“Life is precious, as losing Kris yesterday proves” Mike weighs it all up; “I don’t want a big penthouse in town, I’m happy with what I’ve got. It is difficult to be involved in music and make a living out of it unless you’re U2 or someone really successful like that, but in some ways I am grateful things didn’t work out with The La’s as I wouldn’t have been able to develop my fine arts career which is what puts bread on the table.” Mike’s sculpting includes work for Space’s Tin Planet project back in 1998, with his creation of the tin robot on the cover and in the Avenging Angels promo. The robot now lives in a glass cabinet in the Museum of Liverpool’s permanent music exhibition. Another notable sculpture hangs in the space above Cavern Walks, depicting The Beatles’ instruments.
Having enjoyed a career that has spanned music, art, literature and managing a label, Mike is able to reflect on how lucky he has been: “I have been blessed with a sense of self which I think an artist has to have. If you can’t believe in yourself then you can’t expect any other fucker to do it for you. Artists are very egocentric and self-obsessed and I’m aware of that but at the end of the day you’re expressing something that is deeply personal for you.
“There’s a lot of people who haven’t got the balls to do that and they rely on others to do it for them, I’ve never been in a fight in a pub or club and I’ve been in hundreds and hundreds, and the reason is people respect you for doing it because you’re doing it and they’re not. No-one can accuse me of being disingenuous with my art. It’s a career not a way of life. You can’t kid people, people know if you’re real or not, they respect you for that. I work hard when I do it and I play hard, I have a good time, I like to spend time on the hammock.”
Throughout the book Mike talks about his encounters with his heroes that include a life changing encounter with Don Van Vliet (Captain Beefheart), an almost supernatural encounter with Frank Sidebottom and his puppet pal Little Frank and a series of adventures involving putting up Jonathan Richman for the night in his Aigburth flat. We discuss his chance encounter with a hero that we both have a love for, the late Lux Interior of The Cramps.
Following a performance at Eric’s, a club that looms large in the Mike Badger legend, Mike found himself in conversation with the band, “Lux was a lovely gentle guy, all of them were dead inoffensive it was completely contrary to this dark craziness that was happening on stage.”
We talked about how they went from being raw gothic back alley rockabillies to psychedelic cartoon characters, “It wouldn’t be right if they had gone all high-brow, they were just out to have fun and upset good honest Christians.”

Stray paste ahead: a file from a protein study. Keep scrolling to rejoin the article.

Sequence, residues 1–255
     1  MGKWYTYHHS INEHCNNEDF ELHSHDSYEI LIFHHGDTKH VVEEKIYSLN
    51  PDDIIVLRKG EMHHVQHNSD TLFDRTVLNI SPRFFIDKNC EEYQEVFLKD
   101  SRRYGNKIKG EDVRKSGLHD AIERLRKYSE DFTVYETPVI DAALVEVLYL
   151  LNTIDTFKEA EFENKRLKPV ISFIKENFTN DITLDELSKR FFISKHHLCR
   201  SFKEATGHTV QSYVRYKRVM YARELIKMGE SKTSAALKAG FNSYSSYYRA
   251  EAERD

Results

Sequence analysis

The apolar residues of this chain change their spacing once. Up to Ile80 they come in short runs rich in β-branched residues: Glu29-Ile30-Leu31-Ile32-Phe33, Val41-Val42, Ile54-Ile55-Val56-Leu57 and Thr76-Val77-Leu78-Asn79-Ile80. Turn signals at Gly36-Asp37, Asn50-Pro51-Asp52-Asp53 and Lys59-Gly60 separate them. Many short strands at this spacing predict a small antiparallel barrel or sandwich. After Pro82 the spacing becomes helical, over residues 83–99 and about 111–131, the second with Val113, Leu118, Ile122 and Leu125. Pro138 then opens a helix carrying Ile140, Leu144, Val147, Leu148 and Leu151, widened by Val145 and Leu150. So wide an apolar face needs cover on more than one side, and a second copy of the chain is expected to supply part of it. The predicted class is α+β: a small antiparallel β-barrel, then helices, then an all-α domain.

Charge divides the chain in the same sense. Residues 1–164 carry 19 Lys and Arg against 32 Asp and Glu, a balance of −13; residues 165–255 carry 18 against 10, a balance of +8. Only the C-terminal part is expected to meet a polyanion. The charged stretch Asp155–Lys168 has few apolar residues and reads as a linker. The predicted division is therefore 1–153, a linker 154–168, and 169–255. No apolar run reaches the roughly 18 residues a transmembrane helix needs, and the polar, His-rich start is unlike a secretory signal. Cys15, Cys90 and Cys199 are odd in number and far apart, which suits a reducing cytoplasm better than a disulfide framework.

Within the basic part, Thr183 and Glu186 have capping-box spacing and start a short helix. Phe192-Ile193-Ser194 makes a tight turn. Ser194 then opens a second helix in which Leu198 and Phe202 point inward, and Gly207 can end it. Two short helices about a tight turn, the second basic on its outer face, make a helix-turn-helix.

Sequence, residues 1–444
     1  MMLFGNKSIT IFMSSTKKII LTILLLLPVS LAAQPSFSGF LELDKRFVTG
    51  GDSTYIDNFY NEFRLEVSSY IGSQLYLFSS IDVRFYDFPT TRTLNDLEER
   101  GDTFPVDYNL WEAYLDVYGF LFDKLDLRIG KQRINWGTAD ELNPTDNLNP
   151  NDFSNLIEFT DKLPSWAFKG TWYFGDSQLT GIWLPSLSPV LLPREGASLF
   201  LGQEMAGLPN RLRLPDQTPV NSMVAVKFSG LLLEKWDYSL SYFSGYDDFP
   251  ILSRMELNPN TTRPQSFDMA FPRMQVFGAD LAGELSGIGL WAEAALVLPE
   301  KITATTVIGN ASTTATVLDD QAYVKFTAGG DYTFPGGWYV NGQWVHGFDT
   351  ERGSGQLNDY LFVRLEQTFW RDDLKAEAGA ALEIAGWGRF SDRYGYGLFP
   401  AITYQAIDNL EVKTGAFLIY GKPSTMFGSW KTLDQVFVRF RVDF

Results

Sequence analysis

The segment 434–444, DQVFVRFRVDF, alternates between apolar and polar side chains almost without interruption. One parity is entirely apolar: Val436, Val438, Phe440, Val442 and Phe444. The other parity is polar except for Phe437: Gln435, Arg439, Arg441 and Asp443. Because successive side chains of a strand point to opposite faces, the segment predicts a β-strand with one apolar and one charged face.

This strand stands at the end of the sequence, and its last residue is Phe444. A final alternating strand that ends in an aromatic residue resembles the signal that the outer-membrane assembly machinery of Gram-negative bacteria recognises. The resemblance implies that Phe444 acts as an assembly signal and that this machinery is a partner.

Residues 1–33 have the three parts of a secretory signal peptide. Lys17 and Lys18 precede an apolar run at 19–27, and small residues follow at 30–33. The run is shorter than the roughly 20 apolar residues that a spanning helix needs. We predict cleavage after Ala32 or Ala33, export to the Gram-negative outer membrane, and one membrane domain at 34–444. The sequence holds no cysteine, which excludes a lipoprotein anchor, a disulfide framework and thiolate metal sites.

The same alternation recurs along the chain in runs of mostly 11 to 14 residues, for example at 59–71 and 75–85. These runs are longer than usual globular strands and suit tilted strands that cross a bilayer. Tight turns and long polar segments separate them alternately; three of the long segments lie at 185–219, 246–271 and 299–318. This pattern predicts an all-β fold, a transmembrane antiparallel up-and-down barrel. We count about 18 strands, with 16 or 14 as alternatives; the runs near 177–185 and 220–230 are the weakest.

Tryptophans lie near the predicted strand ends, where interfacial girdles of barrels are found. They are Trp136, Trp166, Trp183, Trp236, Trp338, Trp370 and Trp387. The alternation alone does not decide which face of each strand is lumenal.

This leads us to talk about another huge influence; “The other band I saw around then was The Stray Cats that was really important because they flipped me over to rockabilly. I always loved I hear you knockin’ by Dave Edmunds. There’s some snobbery against rock n roll in indie circles, like its fat old fellas singing Blue Suede Shoes and there is that element, but I can’t get away from it, it’s the fountain from where everything else comes and you can’t re-write history. The 20th century was before Elvis and after Elvis. You wouldn’t have had The Beatles without him, and I’m still discovering these fantastic songs.”
Mike recently provided bed and breakfast again for Stray Cats drummer Slim Jim Phantom, another hero who Mike is clearly excited to have made a new friend of. Jim headlined alongside Liverpool’s rockabilly hellcats, Furious at Mike’s recent Action Packed rockabilly night at The Magnet. When he’s not making music Mike is promoting it across the city with nights such as these, his Viper label and his annual charity fundraising festival at Shy Lowen Horse Sanctuary in Netherton.
My only criticism of the book, and this is in some way praise, is that it ends too soon. Much of Mike’s later adventures are every bit as interesting, if not more so than the La’s memoirs, but they end rather abruptly, missing out almost the past decade of activity. Mike explains this was a decision of the publisher as they felt it was becoming too weighty.
The cutting room floor remnants would include accounts of visits to Texas where Mike has enjoyed recognition playing festivals and earning radio airplay, a dream come true. His more recent work has adopted a cowboy blues style, particularly in his Mike Badger’s Countryside album, released in 2009. His work on Viper records has surpassed the 100 albums mark and has included not only original recordings by amongst others Edgar Jones, the Hokum Clones and Tramp Attack but also a whole host of archive albums pulling together vital long lost cuts from Liverpool’s music heritage in his Unearthed collections from the Merseybeat and Post-Eric’s eras and also his American underbelly series which are celebrate the weird and wonderful worlds of Christmas, Halloween and B Movie Sci-fi tunes.
The surprise revelation in the book is in Mike’s contribution of the theme tune to the BBC’s daytime drama Doctors. “It’s a real curveball as it brings in more money than anything and we knocked it out in 5 mins. You work it out ‘cause I can’t” he laughs.
Mike’s book is available now and is an addictive read, not just for La’s fans but to anyone who has ever wanted to be involved in the music business. It shows that it’s not all about the Cowell model and it’s there to be enjoyed. It is also an insightful and affectionate account of the Liverpool Music scene in the late 70s and 80s with an overflowing cast list of Liverpool notables, all of whom are dear to Mike’s heart and have played some part in his fascinating story.
The Rhythm and the Tide is published by Liverpool University Press.